Hong Kong Is World’s Costliest Place to Buy Homes

Hong Kong Is World’s Most Expensive Place Purchase Home
Hong Kong is the world’s most expensive place to buy a home because of a shortage of properties on the market, according to a study of the top four cities by Savills Plc. Photographer: Kevin Lee/Bloomberg

Hong Kong is the world’s most expensive place to buy a home because of a shortage of properties on the market, according to a study of the top four cities by Savills Plc.

Hong Kong is 55 percent more expensive than London, based on an index published today by the property broker that compares the U.K. capital with the other cities. Moscow is 7.4 percent more expensive than London and New York is 15 percent cheaper.

Home prices in Hong Kong have been driven higher by record-low borrowing costs, a lack of new supply and an influx of Chinese buyers, Savills said. They have jumped more than 55 percent since the beginning of 2009, according to an index compiled by Centaline Property Agency Ltd., Hong Kong’s biggest closely held broker.

“Prices will continue to rise over the next year to 18 months,” said Simon Smith, the Hong Kong-based head of Asian real estate research, at a presentation in London yesterday.

In November, Hong Kong’s government stepped up a yearlong battle to curb inflation with additional taxes and policies. Chief Executive Donald Tsang pledged to make more land available to build 20,000 housing units each year and raised property taxes to deter speculators.

Hong Kong’s “government is trying to cool the market and isn’t doing a very good job of it,” Smith said.

Stock-Market Rally

The Hang Seng Property Index, which tracks the performance of the city’s seven-biggest developers, gained 76 percent from the beginning of 2009, after falling to a more than four-year low during the global credit crisis.

Savills compiled the data using estimates of what employees of a company would pay to relocate to each of the four cities. The index reflects home values for one chief executive officer, two directors and four administrative workers. The firm based its calculations on the price per square foot for each type of property the seven buyers would purchase.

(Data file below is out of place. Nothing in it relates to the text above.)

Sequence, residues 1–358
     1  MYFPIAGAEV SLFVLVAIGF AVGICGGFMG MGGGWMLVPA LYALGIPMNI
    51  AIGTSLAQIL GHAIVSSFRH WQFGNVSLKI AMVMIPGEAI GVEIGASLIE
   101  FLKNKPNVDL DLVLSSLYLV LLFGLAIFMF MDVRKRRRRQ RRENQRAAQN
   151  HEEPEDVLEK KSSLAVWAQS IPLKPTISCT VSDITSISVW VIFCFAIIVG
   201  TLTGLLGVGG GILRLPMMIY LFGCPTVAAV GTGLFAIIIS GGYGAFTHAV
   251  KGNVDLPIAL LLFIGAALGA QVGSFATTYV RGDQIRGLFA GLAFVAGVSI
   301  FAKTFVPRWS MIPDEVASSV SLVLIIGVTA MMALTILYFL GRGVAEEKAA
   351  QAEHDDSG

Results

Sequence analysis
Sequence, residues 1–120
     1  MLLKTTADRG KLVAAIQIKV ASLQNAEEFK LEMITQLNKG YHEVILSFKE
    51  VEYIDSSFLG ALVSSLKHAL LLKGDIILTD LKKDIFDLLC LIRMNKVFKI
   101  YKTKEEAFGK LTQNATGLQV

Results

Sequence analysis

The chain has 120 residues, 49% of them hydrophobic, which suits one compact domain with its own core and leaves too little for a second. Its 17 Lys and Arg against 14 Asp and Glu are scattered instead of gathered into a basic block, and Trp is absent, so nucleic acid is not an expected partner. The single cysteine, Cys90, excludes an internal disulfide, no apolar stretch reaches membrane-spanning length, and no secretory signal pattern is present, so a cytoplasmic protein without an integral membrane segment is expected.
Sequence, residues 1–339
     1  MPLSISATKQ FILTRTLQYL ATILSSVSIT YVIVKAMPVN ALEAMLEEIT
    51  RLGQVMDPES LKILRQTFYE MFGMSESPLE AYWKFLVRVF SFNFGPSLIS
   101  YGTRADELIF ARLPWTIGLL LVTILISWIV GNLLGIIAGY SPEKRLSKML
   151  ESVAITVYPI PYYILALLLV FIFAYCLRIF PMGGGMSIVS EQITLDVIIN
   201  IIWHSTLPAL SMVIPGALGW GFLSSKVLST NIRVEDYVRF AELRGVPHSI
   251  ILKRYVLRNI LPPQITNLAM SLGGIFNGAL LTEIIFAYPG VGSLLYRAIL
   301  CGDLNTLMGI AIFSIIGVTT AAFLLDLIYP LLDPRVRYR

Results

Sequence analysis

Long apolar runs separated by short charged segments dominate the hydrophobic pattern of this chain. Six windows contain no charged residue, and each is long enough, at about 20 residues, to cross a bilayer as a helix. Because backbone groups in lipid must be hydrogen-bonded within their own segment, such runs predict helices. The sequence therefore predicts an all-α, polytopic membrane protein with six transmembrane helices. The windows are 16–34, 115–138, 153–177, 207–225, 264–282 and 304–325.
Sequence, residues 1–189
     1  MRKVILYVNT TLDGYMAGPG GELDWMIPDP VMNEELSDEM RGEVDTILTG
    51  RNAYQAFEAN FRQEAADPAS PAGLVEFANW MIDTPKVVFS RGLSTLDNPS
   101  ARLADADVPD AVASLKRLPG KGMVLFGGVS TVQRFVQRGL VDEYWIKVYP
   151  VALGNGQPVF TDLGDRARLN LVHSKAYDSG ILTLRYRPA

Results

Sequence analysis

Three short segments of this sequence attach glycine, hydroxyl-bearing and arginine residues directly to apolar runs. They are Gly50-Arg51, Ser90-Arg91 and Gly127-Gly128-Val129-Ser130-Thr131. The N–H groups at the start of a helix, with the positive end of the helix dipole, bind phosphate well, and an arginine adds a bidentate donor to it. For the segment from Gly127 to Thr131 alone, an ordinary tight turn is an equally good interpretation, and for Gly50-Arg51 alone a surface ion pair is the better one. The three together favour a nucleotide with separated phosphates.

An office worker would have to pay the equivalent of about 659 pounds ($1,050) a square foot for a home in Hong Kong, 76 percent more than their counterpart in London, Savills estimates.

World’s Biggest Developer

Sun Hung Kai Properties Ltd., the world’s biggest developer by value and owner of Hong Kong’s two tallest skyscrapers, has gained 31 percent over the past year. Cheung Kong (Holdings) Ltd., controlled by Hong Kong’s richest man, Li Ka-shing, and the builder of luxury housing projects including The Legend, has risen 45 percent during the same period.

Seventy percent of the Hong Kong land releases are in the New Territories, aggravating the shortage in desirable districts like Hong Kong Island, where there are only 2,400 houses, Smith said. New Territories and Hong Kong Island are two of the city’s three main regions. The other is the Kowloon peninsula.

Hong Kong also leads at the top end of the market, London-based Savills said. A home in The Peak, an exclusive neighborhood with only 500 houses, might sell for as much as 6,353 pounds a square foot. That’s more than double the price for a comparable property in Mayfair or Knightsbridge in London, the second-most expensive city for high-end homes, the Savills survey showed.

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